Thursday, 4 October 2018

Day 5 - Excavations at Muncaster Castle

 Trench 1 showing rubble on both sides of the culvert, with the path at the far end
Trench 2 having been backfilled already, we devoted all out attention to Trench 1. Removal of the base of the path at the east end of the trench revealed more rubble, presumably the same fill as that at the west end of the trench and in Trench 2. Whatever the rubble filled was a very large cut. Although we didn't find anything Roman during the excavation, there is clearly still lots of archaeology to investigate at Muncaster Castle.

The final day backfilling team: Len, Bryan, Rowan and Alan
All that remained to do was to backfill Trench 2, then off to the cafe for some cake!

Thanks to the 2018 excavation team: Bryan Antoni, Alan Bell, Cath Duncan, Anita Garnett, Bridget Gerry, Brian Kennish, Rowan May, Leo Saldanha, Doug Scales and Len Watson. Thanks also to Peter Frost-Pennington for his support and for letting us use the Castle's cafe; and to Sharon Arrowsmith, Muncaster Castle curator, for supplying information about the site. Roll on 2019!

Day 4 - Excavations at Muncaster Castle

 Anita, Bryan, Len and Bridget working in Trench 1
The main discovery in Trench 1 was that the culvert had been inserted into the rubble fill. It is likely that the rubble filled a large ditch heading towards the castle, and the culvert had be constructed to improve drainage.

Leo and Rowan working in Trench 2

All that remained to be done in Trench 2 was to record and backfill it. However, Leo managed to recover a fine collection of 18th century pottery from the rubble layer!

The next blog will sum up the four days of digging!

Day 3 - Excavations at Muncaster Castle

The culvert set into a thick rubble layer
We made good progress today, despite having to finish early due to the rain - at least the cafe was handy! Trench 1 was extended to the east to confirm that there was a gravel path heading towards the castle; presumably this was part of an earlier garden design.  At the other end of the trench, the rubble deposit west of the culvert proved to be very thick.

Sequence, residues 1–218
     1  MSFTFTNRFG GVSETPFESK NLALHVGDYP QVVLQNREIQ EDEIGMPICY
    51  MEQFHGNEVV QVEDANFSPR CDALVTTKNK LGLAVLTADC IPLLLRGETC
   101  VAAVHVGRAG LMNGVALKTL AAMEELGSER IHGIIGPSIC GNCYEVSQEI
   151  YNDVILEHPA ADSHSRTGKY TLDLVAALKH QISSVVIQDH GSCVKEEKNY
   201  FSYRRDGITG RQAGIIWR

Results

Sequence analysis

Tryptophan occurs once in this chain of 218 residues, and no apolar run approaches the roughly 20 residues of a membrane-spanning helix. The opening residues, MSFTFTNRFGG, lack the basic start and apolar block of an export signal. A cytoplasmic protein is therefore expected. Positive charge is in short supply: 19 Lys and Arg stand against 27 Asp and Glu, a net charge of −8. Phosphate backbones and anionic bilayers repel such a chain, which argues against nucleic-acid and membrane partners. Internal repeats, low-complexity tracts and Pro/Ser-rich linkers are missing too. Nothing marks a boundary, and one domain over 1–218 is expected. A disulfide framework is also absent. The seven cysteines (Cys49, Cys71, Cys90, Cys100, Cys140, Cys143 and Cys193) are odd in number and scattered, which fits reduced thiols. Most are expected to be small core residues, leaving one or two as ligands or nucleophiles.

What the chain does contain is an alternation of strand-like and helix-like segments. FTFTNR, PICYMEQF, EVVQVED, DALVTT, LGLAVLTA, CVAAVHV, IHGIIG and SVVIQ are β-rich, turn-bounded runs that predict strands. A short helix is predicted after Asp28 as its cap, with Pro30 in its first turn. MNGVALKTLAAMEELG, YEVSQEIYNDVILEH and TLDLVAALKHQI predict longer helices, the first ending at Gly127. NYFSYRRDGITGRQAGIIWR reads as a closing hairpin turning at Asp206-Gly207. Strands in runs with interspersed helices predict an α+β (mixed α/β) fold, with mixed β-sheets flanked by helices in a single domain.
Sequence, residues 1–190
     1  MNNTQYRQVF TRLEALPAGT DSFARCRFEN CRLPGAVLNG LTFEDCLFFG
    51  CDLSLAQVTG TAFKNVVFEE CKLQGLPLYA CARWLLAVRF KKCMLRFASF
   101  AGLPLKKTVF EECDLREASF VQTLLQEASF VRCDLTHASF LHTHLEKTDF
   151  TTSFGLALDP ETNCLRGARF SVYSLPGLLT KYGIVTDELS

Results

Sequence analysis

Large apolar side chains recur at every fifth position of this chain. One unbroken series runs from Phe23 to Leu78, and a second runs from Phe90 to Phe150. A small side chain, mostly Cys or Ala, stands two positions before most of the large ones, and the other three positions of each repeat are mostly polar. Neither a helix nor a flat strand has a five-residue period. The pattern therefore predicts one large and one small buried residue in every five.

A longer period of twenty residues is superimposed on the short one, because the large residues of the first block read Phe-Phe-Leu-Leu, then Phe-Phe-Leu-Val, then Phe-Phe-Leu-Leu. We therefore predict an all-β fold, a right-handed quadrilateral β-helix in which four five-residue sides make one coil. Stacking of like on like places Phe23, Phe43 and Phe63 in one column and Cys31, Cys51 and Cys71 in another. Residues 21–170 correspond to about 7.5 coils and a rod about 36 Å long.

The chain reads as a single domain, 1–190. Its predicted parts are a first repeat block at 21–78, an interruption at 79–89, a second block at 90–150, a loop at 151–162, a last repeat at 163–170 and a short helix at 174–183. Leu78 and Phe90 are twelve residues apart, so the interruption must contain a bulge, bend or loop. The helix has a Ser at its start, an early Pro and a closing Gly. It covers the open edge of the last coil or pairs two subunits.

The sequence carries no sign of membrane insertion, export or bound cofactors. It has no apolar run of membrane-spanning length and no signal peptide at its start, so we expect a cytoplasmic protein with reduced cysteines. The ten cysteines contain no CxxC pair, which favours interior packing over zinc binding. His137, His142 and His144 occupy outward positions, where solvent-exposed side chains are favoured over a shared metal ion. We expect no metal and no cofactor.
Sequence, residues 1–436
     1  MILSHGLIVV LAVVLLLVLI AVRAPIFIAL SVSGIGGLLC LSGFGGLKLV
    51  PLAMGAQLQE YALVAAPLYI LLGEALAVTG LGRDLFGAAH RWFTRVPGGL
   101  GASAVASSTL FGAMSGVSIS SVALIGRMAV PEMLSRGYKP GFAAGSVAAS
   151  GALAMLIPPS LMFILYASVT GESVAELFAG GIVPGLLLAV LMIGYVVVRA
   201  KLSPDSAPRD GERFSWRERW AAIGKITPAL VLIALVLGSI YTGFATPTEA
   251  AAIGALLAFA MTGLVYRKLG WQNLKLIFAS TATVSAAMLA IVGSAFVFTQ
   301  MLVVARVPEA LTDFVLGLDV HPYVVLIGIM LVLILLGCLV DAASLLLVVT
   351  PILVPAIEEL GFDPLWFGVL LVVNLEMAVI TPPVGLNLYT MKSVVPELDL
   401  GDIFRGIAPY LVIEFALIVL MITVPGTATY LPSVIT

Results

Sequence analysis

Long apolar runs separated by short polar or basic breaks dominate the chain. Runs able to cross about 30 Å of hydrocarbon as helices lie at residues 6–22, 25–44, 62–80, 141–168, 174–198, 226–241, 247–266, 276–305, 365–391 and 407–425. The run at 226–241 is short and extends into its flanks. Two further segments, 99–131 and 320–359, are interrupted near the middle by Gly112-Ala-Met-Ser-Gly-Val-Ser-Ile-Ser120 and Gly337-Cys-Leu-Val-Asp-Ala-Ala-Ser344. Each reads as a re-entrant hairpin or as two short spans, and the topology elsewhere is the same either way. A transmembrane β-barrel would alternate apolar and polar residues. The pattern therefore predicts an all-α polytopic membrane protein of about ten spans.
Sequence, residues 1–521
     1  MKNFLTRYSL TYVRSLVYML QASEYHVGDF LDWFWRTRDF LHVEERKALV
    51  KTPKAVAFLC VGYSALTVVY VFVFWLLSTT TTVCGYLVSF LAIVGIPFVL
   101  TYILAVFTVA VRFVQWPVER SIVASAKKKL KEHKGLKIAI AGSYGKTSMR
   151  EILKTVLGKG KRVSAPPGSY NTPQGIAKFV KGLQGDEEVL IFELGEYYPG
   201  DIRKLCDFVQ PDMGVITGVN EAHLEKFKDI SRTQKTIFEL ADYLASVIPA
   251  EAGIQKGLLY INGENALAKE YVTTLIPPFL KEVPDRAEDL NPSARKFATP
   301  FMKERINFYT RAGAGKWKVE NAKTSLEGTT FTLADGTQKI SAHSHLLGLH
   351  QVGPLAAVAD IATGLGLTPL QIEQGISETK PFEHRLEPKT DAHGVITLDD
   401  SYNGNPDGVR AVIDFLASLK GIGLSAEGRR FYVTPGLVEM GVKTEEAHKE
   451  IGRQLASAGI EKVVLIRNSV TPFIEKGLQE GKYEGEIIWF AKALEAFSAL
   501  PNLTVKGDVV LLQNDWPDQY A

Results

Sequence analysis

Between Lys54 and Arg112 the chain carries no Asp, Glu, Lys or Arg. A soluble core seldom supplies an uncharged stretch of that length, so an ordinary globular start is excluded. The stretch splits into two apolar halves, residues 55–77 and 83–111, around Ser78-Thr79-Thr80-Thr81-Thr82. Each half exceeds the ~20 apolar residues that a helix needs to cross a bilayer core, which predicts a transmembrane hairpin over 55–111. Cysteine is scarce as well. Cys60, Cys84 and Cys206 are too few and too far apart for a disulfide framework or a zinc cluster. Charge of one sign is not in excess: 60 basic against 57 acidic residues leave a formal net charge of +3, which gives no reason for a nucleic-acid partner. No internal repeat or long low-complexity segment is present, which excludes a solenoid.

The rubble-filled cut in Trench 2
In Trench 2, the rubble layer was found to fill a large cut. The west edge of the cut was found, but not the east. It seems that the rubble layers in Trenches 1 and 2 fill the same, very large cut.

Thursday, 20 September 2018

Day Two - Excavations at Muncaster Castle 2018

Bryan excavating the rubble layer alongside the culvert in Trench 1
Good progress was made in both trenches. In Trench 1, the culvert was found, complete with large cap stones. To one side, a layer of large stones appeared to fill a large mysterious cut. In Trench 2, a similar layer of stones was found, suggesting that the cut extends into that area and is quite large. So far, the finds suggest that the cut was filled in in the 18th or 19th centuries. Hopefully we will find out tomorrow what this feature is, weather permitting!

Leo and Rowan in Trench 2, with one of the massive stones in the fill visible in the foreground

Day One - Excavations at Muncaster Castle, 2018

 The excavation, with a fine view of Muncaster Castle
This year we are at Muncaster Castle, investigating the grounds just in case the Romans were here too.  Kurt and Bryan are back again, plus it's great to see Rowan return! 

After meeting up with the volunteers, we opened up two trenches: Trench 1 was laid out across a stone-lined culvert that had been located recently. Trench 2 was laid out to investigate an area of rubble nearby. We had managed to remove the topsoil in both trenches, despite occasional rainy spells.

Thursday, 26 July 2018

Ravenglass 2017 - 17 Pot washing

Due to being a rather busy, Kurt and Sandra have only just got round to doing a bit of pot washing for the Ravenglass dig of 2017!

 Dirty finds!

Washing finds with a toothbrush

 Laid out to dry in trays - each tray contains finds from an individual context

He's found (and washed) a sherd of Samian ...

It's a base sherd of Samian with rilling as decoration ...
And the other side shows a foot ring.  The sherd is from either a bowl or shallow dish
So far, as well as Samian (2nd century), there's probable Muncaster Ware (typically friable when being washed), storage jar/amphora and fragments of Roman brick and tile. There's also some post medieval sherds, possibly from Staffordshire.
We'll need to wait until the pottery is dry, then we can mark it, count the number of sherds per context, bag it up, then weigh it by context. After that we will then ask a pottery expert to quote a price for writing up a report for us!   Sandra will do the brick and tile report.  Any small finds (eg. metals, glass, etc.) will need to be assessed to see if they need conservation and/or a specialist to look at them.